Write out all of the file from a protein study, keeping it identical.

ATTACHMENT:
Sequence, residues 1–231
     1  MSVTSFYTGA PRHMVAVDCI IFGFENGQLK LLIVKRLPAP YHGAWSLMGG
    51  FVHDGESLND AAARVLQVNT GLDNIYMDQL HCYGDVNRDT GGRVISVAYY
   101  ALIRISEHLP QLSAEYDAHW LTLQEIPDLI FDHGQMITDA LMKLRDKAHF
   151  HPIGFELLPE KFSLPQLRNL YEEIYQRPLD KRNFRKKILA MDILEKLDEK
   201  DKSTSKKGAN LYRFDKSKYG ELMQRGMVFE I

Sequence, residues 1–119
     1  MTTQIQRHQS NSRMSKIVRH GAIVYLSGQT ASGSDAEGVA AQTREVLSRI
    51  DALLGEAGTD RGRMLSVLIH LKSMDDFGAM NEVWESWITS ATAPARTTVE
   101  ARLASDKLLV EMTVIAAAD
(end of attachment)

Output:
Sequence, residues 1–231
     1  MSVTSFYTGA PRHMVAVDCI IFGFENGQLK LLIVKRLPAP YHGAWSLMGG
    51  FVHDGESLND AAARVLQVNT GLDNIYMDQL HCYGDVNRDT GGRVISVAYY
   101  ALIRISEHLP QLSAEYDAHW LTLQEIPDLI FDHGQMITDA LMKLRDKAHF
   151  HPIGFELLPE KFSLPQLRNL YEEIYQRPLD KRNFRKKILA MDILEKLDEK
   201  DKSTSKKGAN LYRFDKSKYG ELMQRGMVFE I

Sequence, residues 1–119
     1  MTTQIQRHQS NSRMSKIVRH GAIVYLSGQT ASGSDAEGVA AQTREVLSRI
    51  DALLGEAGTD RGRMLSVLIH LKSMDDFGAM NEVWESWITS ATAPARTTVE
   101  ARLASDKLLV EMTVIAAAD